My name is Emma Davis, and I am a Presidential Scholar at Florida State University pursuing a dual degree in History and French with minors in Museum Studies and Humanities. Currently, I work at the Florida Trust for Historic Preservation here in Tallahassee. After graduating from FSU next spring, I hope to continue working in the field of public history. This semester, I received the 2021 Scott and Ina McNichols Undergraduate Research Award through the IDEA Grants program. This award will allow me to dedicate the summer semester to working on research for my Honors in the Major thesis.
Why did the Spanish-American War alter the perception and practice of military nursing? How did American women navigate medical education, military service, and gender expectations in the nineteenth century? Over the summer, I hope to answer these questions through my research on the life and career of Dr. Anita Newcomb McGee. The daughter of a prominent astronomer and wife of an anthropologist, McGee was a trailblazing force for women in medicine and in the military. After studying medicine at Columbian (now George Washington) University, McGee operated a private practice in Washington. There, McGee was one of the inaugural members of the Daughters of the American Revolution, founded in 1890.
In 1898, during the Spanish-American War, the United States sent women to the battlefield for the first time since the Civil War. This wouldn’t be the last time that female nurses and physicians were called on at the outbreak of war – but it would the last time they served without a permanent place in the military once peace was declared. When the Spanish-American War broke out, the Daughters of the American Revolution leapt to action, establishing a Hospital Corps to recruit and evaluate volunteer nurses across the country.
The Army had traditionally preferred this contract system, calling on nurses as the need arose. However, the Spanish-American War marked a turning point for women in military medicine. In 1901, The Army Nurse Corps was established under the Army Reorganization Act, creating a standing reserve of nurses in the Army. At the helm of the D.A.R.’s Hospital Corps, McGee played a pivotal role in the selection of nurses for service in the Army and was named Acting Assistant Surgeon General during the war. But after peace was declared, McGee’s fight continued.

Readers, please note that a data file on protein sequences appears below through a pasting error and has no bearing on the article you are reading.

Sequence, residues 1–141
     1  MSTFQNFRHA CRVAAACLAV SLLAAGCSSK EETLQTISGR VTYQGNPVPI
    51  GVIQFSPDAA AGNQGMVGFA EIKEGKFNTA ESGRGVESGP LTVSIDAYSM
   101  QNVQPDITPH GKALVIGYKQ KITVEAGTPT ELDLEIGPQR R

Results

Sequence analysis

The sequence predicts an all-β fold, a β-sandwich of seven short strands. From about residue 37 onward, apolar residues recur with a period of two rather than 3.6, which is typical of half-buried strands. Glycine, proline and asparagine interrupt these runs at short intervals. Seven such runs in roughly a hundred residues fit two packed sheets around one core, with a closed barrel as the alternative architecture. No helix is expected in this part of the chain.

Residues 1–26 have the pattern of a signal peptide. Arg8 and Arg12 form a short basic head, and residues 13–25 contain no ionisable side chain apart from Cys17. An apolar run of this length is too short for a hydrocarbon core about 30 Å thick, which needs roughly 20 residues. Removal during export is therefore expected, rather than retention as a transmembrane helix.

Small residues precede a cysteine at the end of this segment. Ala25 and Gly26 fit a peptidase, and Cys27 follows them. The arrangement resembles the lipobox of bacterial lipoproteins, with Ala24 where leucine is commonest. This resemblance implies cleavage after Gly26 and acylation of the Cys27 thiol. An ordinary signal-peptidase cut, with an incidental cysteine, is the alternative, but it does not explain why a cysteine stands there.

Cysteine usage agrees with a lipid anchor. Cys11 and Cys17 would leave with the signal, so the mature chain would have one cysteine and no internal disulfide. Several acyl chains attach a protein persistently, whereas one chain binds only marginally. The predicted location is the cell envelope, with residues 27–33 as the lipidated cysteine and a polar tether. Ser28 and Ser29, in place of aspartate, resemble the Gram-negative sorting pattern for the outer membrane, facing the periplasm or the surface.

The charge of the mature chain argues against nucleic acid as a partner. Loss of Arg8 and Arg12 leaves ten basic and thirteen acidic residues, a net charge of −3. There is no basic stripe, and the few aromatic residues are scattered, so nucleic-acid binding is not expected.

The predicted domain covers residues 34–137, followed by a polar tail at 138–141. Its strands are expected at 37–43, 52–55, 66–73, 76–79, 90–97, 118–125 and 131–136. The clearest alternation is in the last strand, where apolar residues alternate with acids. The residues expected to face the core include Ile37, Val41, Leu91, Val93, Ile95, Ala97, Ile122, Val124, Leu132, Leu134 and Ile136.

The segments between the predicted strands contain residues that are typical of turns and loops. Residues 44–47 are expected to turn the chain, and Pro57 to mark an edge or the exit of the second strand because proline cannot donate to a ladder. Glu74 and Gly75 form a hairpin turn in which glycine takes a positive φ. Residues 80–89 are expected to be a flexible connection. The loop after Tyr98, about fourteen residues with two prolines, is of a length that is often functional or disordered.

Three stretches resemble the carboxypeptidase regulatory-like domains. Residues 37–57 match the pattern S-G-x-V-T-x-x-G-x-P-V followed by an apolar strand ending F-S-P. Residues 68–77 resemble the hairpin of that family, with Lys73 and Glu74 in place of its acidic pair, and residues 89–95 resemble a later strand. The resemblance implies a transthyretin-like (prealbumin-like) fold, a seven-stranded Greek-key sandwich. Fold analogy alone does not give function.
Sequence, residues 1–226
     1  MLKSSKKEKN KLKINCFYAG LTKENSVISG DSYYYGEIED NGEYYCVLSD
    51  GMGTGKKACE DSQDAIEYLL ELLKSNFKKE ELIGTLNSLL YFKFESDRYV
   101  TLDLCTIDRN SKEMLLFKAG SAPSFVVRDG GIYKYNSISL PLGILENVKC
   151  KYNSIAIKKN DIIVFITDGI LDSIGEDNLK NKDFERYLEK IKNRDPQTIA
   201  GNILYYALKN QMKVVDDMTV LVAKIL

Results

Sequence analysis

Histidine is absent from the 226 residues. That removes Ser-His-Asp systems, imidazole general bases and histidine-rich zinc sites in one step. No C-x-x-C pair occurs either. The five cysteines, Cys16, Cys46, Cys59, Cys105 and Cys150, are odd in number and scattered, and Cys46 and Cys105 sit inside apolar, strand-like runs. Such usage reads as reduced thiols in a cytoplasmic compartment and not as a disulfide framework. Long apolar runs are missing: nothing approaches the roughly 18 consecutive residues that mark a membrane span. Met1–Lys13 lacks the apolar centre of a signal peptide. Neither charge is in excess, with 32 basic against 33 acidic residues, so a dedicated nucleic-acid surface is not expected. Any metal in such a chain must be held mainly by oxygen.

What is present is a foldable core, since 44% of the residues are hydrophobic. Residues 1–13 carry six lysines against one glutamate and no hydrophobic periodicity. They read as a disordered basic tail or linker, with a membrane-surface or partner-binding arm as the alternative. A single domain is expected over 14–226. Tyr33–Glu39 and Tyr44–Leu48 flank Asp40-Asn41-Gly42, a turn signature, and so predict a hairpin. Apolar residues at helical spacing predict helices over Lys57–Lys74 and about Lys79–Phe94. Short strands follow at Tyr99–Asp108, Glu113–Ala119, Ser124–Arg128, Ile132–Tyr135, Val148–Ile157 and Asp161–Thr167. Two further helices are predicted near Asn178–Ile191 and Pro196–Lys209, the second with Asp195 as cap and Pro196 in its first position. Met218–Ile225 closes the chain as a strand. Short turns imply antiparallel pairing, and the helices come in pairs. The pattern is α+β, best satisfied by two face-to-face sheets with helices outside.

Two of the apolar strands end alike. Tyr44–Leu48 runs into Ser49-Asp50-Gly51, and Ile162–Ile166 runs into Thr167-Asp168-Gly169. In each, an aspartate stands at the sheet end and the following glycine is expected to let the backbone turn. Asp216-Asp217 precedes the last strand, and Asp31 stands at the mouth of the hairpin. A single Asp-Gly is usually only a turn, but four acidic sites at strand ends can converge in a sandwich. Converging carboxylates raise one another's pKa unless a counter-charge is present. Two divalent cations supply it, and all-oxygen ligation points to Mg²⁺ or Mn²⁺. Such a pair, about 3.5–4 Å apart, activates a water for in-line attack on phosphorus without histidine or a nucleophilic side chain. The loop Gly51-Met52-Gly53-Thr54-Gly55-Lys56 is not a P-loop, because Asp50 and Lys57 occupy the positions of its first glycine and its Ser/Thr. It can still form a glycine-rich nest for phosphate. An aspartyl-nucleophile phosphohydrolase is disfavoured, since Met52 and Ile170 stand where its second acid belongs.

McGee fought to establish a permanent nursing corps for the Army, and in 1901 authored the legislation that would establish the Army Nurse Corps, securing, for the first time, a permanent place for American women in the military. While considerable research has been conducted on the Army Nurse Corps in twentieth century, very little has been written on its origin, and the woman behind it has largely been ignored. My research will address this gap in the scholarship.
Over the summer, I hope to travel to Washington, D.C. to conduct archival research on McGee at the National Archives and the Library of Congress. Right now, it is still unclear whether or not these facilities will be open to researchers over the summer. In the event that I am unable to conduct this archival research, I plan to focus my research more on the role of the DAR’s Hospital Corps, making use of digitized resources at the Library of Congress and the archives of the National Society of the Daughters of the American Revolution.
With a life bookended by the Civil War and the Second World War, Anita Newcomb McGee lived and worked during a period of profound change for women in medicine and in the military. In my research, I will present McGee’s life and career as a case study for women’s roles in medicine and the military at the turn of the twentieth century.
The Feature Image of nurses serving during the Spanish-American War (1898) is from the National Library of Medicine and can be found here. Portrait of Anita McGee is also courtesy of the National Library of Medicine and can be found here.